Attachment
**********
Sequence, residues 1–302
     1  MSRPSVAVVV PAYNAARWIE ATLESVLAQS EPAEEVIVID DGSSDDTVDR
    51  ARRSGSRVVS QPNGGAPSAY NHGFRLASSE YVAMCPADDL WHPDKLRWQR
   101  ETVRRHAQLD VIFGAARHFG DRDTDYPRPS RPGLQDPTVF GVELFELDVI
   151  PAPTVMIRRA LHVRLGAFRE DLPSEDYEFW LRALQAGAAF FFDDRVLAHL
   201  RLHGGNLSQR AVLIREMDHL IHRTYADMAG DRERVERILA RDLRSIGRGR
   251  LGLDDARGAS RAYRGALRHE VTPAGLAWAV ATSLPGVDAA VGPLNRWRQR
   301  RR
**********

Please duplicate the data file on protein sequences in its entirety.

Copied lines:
Sequence, residues 1–302
     1  MSRPSVAVVV PAYNAARWIE ATLESVLAQS EPAEEVIVID DGSSDDTVDR
    51  ARRSGSRVVS QPNGGAPSAY NHGFRLASSE YVAMCPADDL WHPDKLRWQR
   101  ETVRRHAQLD VIFGAARHFG DRDTDYPRPS RPGLQDPTVF GVELFELDVI
   151  PAPTVMIRRA LHVRLGAFRE DLPSEDYEFW LRALQAGAAF FFDDRVLAHL
   201  RLHGGNLSQR AVLIREMDHL IHRTYADMAG DRERVERILA RDLRSIGRGR
   251  LGLDDARGAS RAYRGALRHE VTPAGLAWAV ATSLPGVDAA VGPLNRWRQR
   301  RR